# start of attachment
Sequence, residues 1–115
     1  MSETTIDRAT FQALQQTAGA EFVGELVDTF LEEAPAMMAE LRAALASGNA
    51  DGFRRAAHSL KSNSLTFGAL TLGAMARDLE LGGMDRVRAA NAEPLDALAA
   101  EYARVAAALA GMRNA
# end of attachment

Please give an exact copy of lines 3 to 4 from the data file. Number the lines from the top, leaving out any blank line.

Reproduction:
    51  DGFRRAAHSL KSNSLTFGAL TLGAMARDLE LGGMDRVRAA NAEPLDALAA
   101  EYARVAAALA GMRNA